This is part 2/8 of my *Calculating Percentiles on Streaming Data* series.

The most famous algorithm for calculating percentiles on streaming data appears to be Greenwald-Khanna [GK01]. I spent a few days implementing the Greenwald-Khanna algorithm from the paper and I discovered a few things I wanted to share.

# Insert Operation

The insert operation is defined in [GK01] as follows:

- INSERT($v$)
- Find the smallest $i$, such that $v_{i-1} \leq v < v_i$, and insert the tuple $ t_x = (v_x, g_x, \Delta_x) = (v, 1, \lfloor 2 \epsilon n \rfloor) $, between $t_{i-1}$ and $t_i$. Increment $s$. As a special case, if $v$ is the new minimum or the maximum observation seen, then insert $(v, 1, 0)$.

However, when I implemented this operation, I noticed via testing that there were certain queries I could not fulfill. For example, consider applying Greenwald-Khanna with $\epsilon = 0.1$ to the sequence of values ${11, 20, 18, 5, 12, 6, 3, 2}$, and then apply **QUANTILE($\phi = 0.5$)**. This means that $r = \lceil \phi n \rceil = \lceil 0.5 \times 8 \rceil = 4$ and $\epsilon n = 0.1 \times 8 = 0.8$. There is no $i$ that satisfies both $r – r_{min}(v_i) \leq \epsilon n$ and $r_{max}(v_i) – r \leq \epsilon n$, as you can see below:

$i$ | $t_i$ | $r_{min}$ | $r_{max}$ | $r – r_{min}$ | $r_{max}-r$ | $r – r_{min}\overset{?}{\leq}\epsilon n$ | $r_{max} – r\overset{?}{\leq}\epsilon n$ |
---|---|---|---|---|---|---|---|

(2,1,0) | 1 | 1 | 3 | -3 | F | T | |

1 | (3,1,0) | 2 | 2 | 2 | -2 | F | T |

2 | (5,1,0) | 3 | 3 | 1 | -1 | F | T |

3 | (6,1,1) | 4 | 5 | 0 | 1 | T | F |

4 | (11,1,0) | 5 | 5 | -1 | 1 | T | F |

5 | (12,1,0) | 6 | 6 | -2 | 2 | T | F |

6 | (18,1,0) | 7 | 7 | -3 | 3 | T | F |

7 | (20,1,0) | 8 | 8 | -4 | 4 | T | F |

I believe the fundamental problem is that the definition of **INSERT($v$)** fails to maintain the key invariant $\textrm{max}_i(g_i + \Delta_i) \leq 2 \epsilon n$. To correct this issue, the Greenwald-Khanna **INSERT($v$)** operation must be modified as follows:

- INSERT($v$)*
- Find the smallest $i$, such that $v_{i-1} \leq v < v_i$, and insert the tuple $t_x = (v_x, g_x, \Delta_x) = (v, 1, \lfloor 2 \epsilon n \rfloor – 1)$, between $t_{i-1}$ and $t_i$. Increment $s$. As a special case, if $v$ is the new minimum or the maximum observation seen, then insert $(v, 1, 0)$. Also, the first $1/(2 \epsilon)$ elements must be inserted with $\Delta_i = 0$.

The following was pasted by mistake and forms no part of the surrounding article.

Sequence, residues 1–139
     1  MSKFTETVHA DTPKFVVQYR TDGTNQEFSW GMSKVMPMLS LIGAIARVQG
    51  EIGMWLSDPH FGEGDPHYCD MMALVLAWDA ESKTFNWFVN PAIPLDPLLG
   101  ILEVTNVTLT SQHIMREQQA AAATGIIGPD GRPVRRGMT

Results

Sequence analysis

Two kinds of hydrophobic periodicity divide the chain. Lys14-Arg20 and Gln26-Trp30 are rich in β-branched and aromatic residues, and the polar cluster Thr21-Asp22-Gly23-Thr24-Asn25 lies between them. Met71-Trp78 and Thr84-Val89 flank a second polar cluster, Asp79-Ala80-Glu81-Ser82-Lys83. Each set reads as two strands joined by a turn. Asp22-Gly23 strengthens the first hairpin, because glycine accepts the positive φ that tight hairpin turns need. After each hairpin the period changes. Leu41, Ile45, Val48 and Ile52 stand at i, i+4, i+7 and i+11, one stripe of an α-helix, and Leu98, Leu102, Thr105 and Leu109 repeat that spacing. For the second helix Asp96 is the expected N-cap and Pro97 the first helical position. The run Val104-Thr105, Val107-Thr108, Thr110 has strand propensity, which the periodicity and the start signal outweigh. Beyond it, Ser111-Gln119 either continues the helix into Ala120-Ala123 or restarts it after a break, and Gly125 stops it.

I found the above modification from Prof. Chandra Chekuri’s lecture notes for his class CS 598CSC: Algorithms for Big Data. I believe this modification will maintain the above invariant after $1/(2 \epsilon) $ insertions.

# Band Construction

Banding in [GK01] refers to the grouping together of possible values of $\Delta$ for purposes of merging in the **COMPRESS** operation. The paper defines banding as the following:

- BAND($\Delta$, $2 \epsilon n$)
- For $\alpha$ from 1 to $\lceil \log 2 \epsilon n \rceil$, we let $p = \lfloor 2 \epsilon n \rfloor$ and we define $\mathrm{band}_\alpha$ to be the set of all $\Delta$ such that $p – 2^\alpha – (p \mod 2^\alpha) < \Delta \leq p – 2^{\alpha – 1} – (p \mod 2^{\alpha – 1})$. We define $\mathrm{band}_{0}$ to simply be $p$. As a special case, we consider the first $1/2\epsilon$ observations, with $\Delta$ = 0, to be in a band of their own. We will denote by $\mathrm{band}(t_i, n)$ the band of $\Delta_i$ at time $n$, and by $\mathrm{band}_\alpha(n)$ all tuples (or equivalently, the $\Delta$ values associated with these tuples) that have a band value of $\alpha$.

Here are some things I found when implementing banding:

- It is important to note that in the above $\log$ refers to the base 2 logarithm of a number.
- I found it useful to construct an array, bands, at the beginning of the
**COMPRESS**operation, such that bands[$\Delta$] is the band for the provided $\Delta$. - I used a very large constant to denote the band of $\Delta = 0$, as this made the tree-building operation simpler.

# Compress

Compression in [GK01] is defined as follows:

- COMPRESS()
- for $i$ from $s – 2$ to $0$ do …

However, with this definition, it is possible for the first (0th) tuple to be deleted, which would then violate the following invariant of the summary data structure: “We ensure that, at all times, the maximum and the minimum values are part of the summary.”

Therefore, I modified **COMPRESS()** to go from $s – 2$ to $1$ so that the first tuple is never deleted and the invariant is maintained.

# References

- [GK01] M. Greenwald and S. Khanna. Space-efficient online computation of quantile summaries. In
*Proceedings of ACM SIGMOD*, pages 58–66, 2001.